Lyons, Lenore T., 2005, Embodying Transnationalism: The Making of the Maid, in E. Lorek-JeziDska & K. Wickowska (eds.), Corporeal Inscriptions: Representations of the Body in Cultural and Literary Texts and Practices, Poland: Uniwersytet Mikolaja Kopernika, 171-183.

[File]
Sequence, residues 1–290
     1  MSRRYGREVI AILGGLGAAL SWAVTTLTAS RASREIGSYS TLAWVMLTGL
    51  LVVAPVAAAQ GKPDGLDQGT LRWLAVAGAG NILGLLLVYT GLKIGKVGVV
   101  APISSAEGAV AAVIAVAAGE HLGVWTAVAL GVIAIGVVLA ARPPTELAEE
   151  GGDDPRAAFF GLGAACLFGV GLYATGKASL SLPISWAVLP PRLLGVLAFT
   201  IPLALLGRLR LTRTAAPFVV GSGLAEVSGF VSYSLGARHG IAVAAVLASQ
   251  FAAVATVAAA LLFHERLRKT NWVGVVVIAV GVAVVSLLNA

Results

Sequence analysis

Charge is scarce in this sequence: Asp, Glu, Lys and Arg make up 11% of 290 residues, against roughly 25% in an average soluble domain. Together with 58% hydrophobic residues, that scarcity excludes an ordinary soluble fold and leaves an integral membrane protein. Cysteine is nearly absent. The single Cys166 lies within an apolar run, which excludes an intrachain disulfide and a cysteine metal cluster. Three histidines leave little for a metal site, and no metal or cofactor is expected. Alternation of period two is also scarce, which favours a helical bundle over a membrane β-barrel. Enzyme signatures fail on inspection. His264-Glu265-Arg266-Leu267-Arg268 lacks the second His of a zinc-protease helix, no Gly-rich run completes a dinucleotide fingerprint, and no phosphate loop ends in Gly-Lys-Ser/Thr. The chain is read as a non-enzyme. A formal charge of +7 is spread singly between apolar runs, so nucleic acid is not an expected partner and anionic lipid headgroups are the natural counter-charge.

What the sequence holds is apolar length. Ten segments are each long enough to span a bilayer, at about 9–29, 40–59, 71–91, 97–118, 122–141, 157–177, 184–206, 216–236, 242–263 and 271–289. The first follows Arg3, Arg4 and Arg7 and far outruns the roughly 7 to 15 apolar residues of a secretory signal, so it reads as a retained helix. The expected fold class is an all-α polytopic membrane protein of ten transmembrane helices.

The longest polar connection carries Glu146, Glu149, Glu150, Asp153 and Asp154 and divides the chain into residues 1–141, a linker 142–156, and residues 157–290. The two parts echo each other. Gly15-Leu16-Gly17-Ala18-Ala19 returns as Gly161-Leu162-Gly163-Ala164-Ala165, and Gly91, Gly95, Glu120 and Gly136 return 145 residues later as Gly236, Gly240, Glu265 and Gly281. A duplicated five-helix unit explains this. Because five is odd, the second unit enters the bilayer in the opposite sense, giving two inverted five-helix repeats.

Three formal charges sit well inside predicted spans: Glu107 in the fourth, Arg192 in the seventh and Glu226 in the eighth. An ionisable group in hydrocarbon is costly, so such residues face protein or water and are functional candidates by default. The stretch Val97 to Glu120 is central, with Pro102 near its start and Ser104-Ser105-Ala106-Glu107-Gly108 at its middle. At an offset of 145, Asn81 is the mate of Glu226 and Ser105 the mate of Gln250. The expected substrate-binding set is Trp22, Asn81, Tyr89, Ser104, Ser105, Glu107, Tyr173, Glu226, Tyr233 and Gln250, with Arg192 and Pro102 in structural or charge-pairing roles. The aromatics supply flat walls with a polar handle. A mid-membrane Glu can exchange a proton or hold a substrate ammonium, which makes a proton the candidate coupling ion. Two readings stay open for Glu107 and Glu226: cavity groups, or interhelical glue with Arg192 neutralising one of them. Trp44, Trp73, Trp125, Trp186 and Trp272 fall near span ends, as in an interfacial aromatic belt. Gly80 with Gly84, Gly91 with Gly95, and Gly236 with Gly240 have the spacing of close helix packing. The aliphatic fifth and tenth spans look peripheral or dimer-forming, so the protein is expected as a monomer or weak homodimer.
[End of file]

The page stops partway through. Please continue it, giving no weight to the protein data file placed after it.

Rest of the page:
Female domestic workers are emblematic of the increasing movement of peoples across national borders. The global economic and cultural flows associated with transnational migration play a significant role in shaping the construction of gender in both sending and receiving countries by creating new forms of subjectivity and community, and destabilising traditional national boundaries. The interplay between local expressions of gender relations, and macro-level global processes, is central to the processes of nation-building and nationalism. This paper examines the material and discursive practices that produce foreign domestic workers as "symbolic border guards" (see Armstrong) between "here" and "there", between "us" and "them", within Singapore. The increasing presence of migrant domestic workers in Singapore has given rise to a series of moral panics represented in local Singaporean media about deviant, lascivious female sexuality and/or inappropriate, surrogate mothering. Within these discourses, women from different national groups become marked in gendered and raced ways. Domestic workers, however, are not simply produced through discourse. A range of material practices, both in the sending countries and in Singapore, serve to "make" the maid. These include training courses run by recruitment agents that teach the women about "being a maid", and disciplining processes within the homes of employers that seek to shape the domestic worker's behaviour and actions. These disciplining processes, however, are not simply imposed by external agents, but are conditioned by normative rules and cultural constructions of appropriate gender roles. By exploring women's own stories of bodily and behavioural transformation, this paper examines both the production of docile bodies and the ways in which these women challenge and reinforce such disciplining practices